The rise and fall of today's stars eerily repeat parties, scandals and deaths of yesterday. It is almost as though the stars of each new generation become doubles of the ones who came before; they face the same highs and dangers.

I generally don't follow Hollywood gossip unless something remarkable happens like Britney Spears shaving her head and chasing after paps with an umbrella. But lately, the huge success of Justin Bieber has reminded me of the appeal of the Gen X teen heartthrob, the late Corey Haim. It is a compelling story: a Canadian teen carries some northern magnetic secret south in an intrepid bid to win American hearts, and succeeds. That secret might be genuineness, honesty, innocence, and hope from a land similar enough to be familiar, but actually quite different; whatever it is, it is a secret forgotten and lost in America's heart of darkness. The Canadian kid who goes to California to make it big was a central trope in David Lynch's neo-noir "poisonous valentine to Hollywood," Mulholland Drive (2001).

For some time, I've noticed lingering efforts to get Haim a star on the Hollywood Walk of Fame (one online petition is here). I have always thought (80s' nostalgia aside) that Haim was an actor who had a great deal of talent that was misdirected through formulaic vehicles in his stellar youth. Then, due to sexual abuse by his Hollywood minders, he became mired in drug addiction.

He lost the magical light in his acting that would have brought him more serious roles as an adult. Could he have regained it? He still had charisma in roles just before his death, especially when he played against type, as in Crank: High Voltage (2009). But the drugs - and what they masked - had nearly sucked out his soul. He never matured into a DiCaprio. And he was never allowed to pull a no-holds-barred Mickey Rourke comeback. I do not know whether Haim could have managed what Rourke did in Sin City (2005) if he had stayed clean and kept working into his forties.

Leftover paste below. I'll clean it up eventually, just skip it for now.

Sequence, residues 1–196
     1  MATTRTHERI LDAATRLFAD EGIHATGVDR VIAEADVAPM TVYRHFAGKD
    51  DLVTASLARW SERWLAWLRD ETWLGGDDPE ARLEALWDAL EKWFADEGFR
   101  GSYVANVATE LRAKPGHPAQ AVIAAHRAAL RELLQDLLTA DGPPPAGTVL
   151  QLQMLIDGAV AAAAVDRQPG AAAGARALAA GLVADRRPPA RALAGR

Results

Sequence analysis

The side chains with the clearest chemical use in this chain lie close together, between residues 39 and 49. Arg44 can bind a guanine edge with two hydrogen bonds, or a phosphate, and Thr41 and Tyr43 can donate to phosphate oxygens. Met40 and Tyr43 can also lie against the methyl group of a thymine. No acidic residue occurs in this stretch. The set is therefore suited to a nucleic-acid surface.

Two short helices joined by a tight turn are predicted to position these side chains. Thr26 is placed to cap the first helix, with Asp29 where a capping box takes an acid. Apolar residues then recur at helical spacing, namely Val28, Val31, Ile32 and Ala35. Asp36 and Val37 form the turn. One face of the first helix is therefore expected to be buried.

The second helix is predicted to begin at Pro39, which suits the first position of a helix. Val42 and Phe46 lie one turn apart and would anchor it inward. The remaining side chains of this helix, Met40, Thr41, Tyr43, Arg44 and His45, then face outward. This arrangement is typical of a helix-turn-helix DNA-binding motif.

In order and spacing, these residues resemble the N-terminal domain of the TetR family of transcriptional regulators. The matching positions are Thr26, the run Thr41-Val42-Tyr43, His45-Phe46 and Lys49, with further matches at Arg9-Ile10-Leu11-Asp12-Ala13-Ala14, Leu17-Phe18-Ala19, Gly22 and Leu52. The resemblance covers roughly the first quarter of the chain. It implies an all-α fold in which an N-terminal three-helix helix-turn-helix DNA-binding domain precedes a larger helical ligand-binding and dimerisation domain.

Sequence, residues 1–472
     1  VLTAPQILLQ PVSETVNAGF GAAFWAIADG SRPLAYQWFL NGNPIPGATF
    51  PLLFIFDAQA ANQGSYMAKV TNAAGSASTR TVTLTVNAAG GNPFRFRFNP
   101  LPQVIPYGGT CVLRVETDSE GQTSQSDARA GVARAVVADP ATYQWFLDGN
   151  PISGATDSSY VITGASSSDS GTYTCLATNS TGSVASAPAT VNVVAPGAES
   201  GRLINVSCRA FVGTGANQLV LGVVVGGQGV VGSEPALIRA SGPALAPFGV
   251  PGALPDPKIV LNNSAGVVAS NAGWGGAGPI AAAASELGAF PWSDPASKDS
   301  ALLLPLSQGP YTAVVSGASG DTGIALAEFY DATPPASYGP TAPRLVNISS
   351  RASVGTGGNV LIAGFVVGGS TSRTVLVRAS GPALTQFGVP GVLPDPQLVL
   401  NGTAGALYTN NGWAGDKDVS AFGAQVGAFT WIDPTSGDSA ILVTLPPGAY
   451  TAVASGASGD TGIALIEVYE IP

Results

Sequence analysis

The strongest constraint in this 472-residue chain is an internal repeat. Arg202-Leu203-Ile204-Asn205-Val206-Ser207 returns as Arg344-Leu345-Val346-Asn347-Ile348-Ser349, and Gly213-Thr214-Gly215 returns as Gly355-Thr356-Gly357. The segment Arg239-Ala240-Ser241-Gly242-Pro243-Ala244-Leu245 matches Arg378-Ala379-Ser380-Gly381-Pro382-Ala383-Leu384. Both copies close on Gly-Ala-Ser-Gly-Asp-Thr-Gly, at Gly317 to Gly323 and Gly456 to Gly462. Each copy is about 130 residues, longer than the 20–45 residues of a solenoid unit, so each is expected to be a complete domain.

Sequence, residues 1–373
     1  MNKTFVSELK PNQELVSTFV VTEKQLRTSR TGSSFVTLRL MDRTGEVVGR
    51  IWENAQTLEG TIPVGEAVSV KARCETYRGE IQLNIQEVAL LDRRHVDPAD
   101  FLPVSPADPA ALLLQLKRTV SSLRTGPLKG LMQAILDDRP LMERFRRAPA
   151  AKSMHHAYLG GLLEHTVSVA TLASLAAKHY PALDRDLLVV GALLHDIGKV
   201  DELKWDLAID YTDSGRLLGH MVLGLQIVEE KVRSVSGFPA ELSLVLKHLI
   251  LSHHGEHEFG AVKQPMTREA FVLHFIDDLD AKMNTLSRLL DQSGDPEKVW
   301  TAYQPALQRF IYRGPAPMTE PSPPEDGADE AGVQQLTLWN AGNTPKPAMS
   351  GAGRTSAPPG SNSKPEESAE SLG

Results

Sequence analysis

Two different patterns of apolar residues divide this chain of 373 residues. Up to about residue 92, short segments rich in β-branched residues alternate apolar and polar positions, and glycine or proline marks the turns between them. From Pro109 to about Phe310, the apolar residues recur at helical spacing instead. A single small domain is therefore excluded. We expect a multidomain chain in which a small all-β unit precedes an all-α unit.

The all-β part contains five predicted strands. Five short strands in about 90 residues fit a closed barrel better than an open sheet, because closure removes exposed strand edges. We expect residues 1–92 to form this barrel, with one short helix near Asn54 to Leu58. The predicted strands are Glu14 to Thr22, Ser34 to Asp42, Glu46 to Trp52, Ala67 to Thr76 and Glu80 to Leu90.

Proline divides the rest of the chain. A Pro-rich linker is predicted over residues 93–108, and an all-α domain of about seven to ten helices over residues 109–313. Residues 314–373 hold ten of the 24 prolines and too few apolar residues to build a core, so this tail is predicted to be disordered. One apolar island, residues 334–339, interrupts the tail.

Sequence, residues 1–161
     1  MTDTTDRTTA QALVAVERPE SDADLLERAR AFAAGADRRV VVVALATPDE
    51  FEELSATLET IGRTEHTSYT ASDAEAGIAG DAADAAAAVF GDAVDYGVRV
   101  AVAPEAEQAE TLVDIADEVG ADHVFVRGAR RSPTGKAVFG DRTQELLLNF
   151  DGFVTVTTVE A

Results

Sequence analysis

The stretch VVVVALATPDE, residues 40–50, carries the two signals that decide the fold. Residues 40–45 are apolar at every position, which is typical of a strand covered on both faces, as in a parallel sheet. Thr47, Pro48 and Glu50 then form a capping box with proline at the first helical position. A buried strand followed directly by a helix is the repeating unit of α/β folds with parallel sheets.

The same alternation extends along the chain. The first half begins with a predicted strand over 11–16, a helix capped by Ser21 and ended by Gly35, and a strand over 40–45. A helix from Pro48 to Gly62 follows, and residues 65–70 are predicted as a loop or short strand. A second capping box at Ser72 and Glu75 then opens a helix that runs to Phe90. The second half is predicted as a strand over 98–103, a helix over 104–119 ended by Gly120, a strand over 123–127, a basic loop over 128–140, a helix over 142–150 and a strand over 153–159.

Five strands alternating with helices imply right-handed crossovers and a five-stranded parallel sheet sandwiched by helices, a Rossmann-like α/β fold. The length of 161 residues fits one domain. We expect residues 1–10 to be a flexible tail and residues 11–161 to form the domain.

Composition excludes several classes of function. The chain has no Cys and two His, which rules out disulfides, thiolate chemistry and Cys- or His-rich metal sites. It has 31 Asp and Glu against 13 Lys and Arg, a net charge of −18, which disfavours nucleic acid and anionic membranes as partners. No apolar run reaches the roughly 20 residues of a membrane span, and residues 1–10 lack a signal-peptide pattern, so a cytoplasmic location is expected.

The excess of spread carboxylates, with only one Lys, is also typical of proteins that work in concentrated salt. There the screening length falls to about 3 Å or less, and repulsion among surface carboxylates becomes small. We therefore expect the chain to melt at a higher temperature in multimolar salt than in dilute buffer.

There was nothing, looking at Haim's original promise, which said he could not have done either. After his breakthrough role in Lucas (1986), Roger Ebert famously anticipated both Haim's promise and sad fate:
Lucas is played by Corey Haim, who was Sally Field's son in Murphy's Romance, and he does not give one of those cute little boy performances that get on your nerves. He creates one of the most three-dimensional, complicated, interesting characters of any age in any recent movie. If he can continue to act this well, he will never become a half-forgotten child star, but will continue to grow into an important actor. He is that good. 
What would Haim have become, had he not been, as Alison Arngrim put it: "corrupted in every possible way" by his Hollywood guardians? It is a little tricky for his fans to ask Tinseltown for recognition, since the silence around Haim's death is evidently bound up with the dark side of Hollywood - and entertainment in general. One would think in the wake of the Savile scandal in Britain (mentioned in this post), that Hollywood would do more to recognize victims like Haim to make amends for its own ugly history of paedophilia. Perhaps giving Haim a star would publicly open that can of worms, and force some quarters to account for crimes committed. Perhaps, as in the Savile case, Haim's ruined talent (and the miseries of other victims) will only be acknowledged in Hollywood after the perpetrators are dead.
 
One blog commenter points out that paedophilia in Hollywood is hinted at in the famous movie, The Godfather (1972):
In The Godfather, they briefly referred to this vile behavior - with parental approval. Producer "Jack Woltz" has the birthday party for a very young actress at the studio (even gives her a pony), then later at his home when he's having dinner with "Tom," you see the little girl at the top of the stairs, crying and disheveled. Her mother takes her back into the bedroom.